Morisawa Type Design Competition 2019


Award ceremony of Morisawa Type Design Competiton 2019 and a special lecture by Masahiko Kozuka.

The jury Hiromura Masaaki (left) and the winner Yoshihide Okazawa (right) received a trophy for the gold prize in the Kanji category.

Type Design Competition 2019 sponsored by Morisawa Inc is the award that is specifically for type design. This time, the total numbers of 813 entry works of both Kanji and Latin category broke the record since the start of the competition. The award ceremony was held at Kanda Myojin hall (Tokyo, Ochanomizu) on September 3. The winners of Morisawa awards (gold, silver, bronze, and honorable mention award), were selected by the juries from Japan and overseas, as well as the winners of the fan voting on the website. This is the report on the award ceremony and the special lecture by the type design director Masahiko Kozuka.


The Type Design Competition 2019 was held to seek superior design from Japan and overseas. The 13 winners out of 15 award winners, including those who have won two awards were attended to the ceremony on September 3 at Kanda Myojin Hall.

The venue of the Type Design Competition 2019 Award Ceremony

The gold prize for Morisawa Award was “Hogetsu Kaisho,” designed by type design studio Yoko Kaku. The jury Hiromura Masaaki, who is also a graphic designer, handed the trophy to the representative of Yoko Kaku, Yoshihide Okazawa. Okazawa expressed his gratitude to the jury and commented⁠—”I want to keep designing typefaces with encouraged by this great opportunity.”

Yoshihide Okazawa, the representative of the design studio Yoko Kaku holding the gold prize trophy for the Morisawa award.

The silver prize was “Nibu Shibu” by Daisuke Hukushi. This was his second entry in the competition. He commented—”receiving the award is a huge encouragement, and I want to keep my passion on the multi-script type design.” The bronze prize was “Ribaasu” by Tien-Min Liao from Taiwan. Tien commented—”I hope this opportunity brings more attention to type design to the graphic designers around me.” The honorable mentioned prize winners were “tr” by Ganta Uchikiba , “Nijitako Tengoku” by Mie Yokota, and “Mimizuku” by Shinji Shinkai.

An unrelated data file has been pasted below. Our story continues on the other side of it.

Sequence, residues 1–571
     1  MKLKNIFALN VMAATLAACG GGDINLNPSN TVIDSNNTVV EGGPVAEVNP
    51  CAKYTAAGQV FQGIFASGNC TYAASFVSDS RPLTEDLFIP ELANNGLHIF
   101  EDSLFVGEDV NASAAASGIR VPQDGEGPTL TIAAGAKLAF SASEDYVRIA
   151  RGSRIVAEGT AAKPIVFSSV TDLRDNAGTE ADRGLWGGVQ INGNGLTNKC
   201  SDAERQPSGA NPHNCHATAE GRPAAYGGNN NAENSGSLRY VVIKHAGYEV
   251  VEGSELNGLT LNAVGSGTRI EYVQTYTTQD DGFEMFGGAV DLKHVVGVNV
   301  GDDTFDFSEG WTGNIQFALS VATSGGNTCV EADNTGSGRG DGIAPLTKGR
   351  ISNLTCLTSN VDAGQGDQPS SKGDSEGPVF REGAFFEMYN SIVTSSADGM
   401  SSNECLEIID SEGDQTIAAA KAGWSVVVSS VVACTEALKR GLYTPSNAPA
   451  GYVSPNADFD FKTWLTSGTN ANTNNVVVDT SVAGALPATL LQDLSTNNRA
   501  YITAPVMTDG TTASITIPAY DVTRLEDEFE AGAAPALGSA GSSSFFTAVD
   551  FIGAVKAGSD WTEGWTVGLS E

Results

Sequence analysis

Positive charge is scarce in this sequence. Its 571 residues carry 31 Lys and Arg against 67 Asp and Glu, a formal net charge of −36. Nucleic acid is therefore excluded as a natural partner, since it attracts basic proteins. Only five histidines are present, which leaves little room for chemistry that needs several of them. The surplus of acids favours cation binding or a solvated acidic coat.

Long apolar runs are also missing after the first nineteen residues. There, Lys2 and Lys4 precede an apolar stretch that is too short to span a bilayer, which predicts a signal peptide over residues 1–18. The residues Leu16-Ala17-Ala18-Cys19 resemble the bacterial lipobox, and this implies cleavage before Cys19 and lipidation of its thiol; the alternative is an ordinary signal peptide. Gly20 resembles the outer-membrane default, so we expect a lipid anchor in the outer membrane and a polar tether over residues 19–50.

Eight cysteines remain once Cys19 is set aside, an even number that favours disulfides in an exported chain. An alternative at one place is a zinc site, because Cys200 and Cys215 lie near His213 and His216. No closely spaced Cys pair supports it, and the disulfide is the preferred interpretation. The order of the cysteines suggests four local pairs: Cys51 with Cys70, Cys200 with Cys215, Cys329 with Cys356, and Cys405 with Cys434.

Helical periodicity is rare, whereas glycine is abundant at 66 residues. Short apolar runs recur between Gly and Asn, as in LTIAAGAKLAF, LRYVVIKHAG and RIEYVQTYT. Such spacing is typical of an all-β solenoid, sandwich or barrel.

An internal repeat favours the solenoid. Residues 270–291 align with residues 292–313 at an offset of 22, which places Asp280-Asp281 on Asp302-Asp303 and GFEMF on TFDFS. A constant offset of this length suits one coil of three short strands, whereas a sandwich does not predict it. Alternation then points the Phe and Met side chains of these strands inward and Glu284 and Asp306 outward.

The winners for Morisawa awards in Kanji category

The gold prize for the Morisawa award in Latin category was “Areon” designed by multi-script type designer Noheul Lee from South Korea. Holding a trophy in her hand, she expressed her gratitude—”It is my pleasure to receive this wonderful award with the other such talented designers.”

Masaaki Hiromura (left) and Noheul Lee, the winner of the gold prize of Morisawa award in Latin category holding the trophy.

The silver prize was “Kolektiv” by Ondřej Báchor from the Czech Republic, who now based in Lausanne, Switzerland. Ondřej expressed the concept of the competition is “beautiful” as it accepts a wide range of type designs.

The bronze prize was “Easy” by Théo Guillard from France, who now based in Barcelona. Théo commented that he had always wanted to visit Japan and was honored to be invited.
The honorable mention prizes were “Courbe” by Olga Pankova (Russia), “ER Canto” by Garcia Rennó Pereira (Brazil, Portugal), and “DR Kruk” by Dmitry Rastvortsev (Ukraine).

There were also People’s Choice Awards that are selected by fan voting on the website. The 1st and the 2nd place of the works received the trophy from Akihiko Morisawa, the CEO of Morisawa Inc. The 1st place of the Kanji category was “The Big Jaw” by Fang-Ping Lin, and the second place was “Kanraku Mincho” by Furantsu Sumi. For the Latin category, the 1st place was “Courbe” by Olga Pankova, and the 2nd place was “Apogee” by Michael Aronson.

Akihiko Morisawa (left) and Fang-Ping Lin (right) holding the trophy for the 1st place of the people’s choice award in the Kanji category.

Akihiko Morisawa (left) and Olga Pankova (right) holding the trophy for the 1st place of the people’s choice award in the Latin category.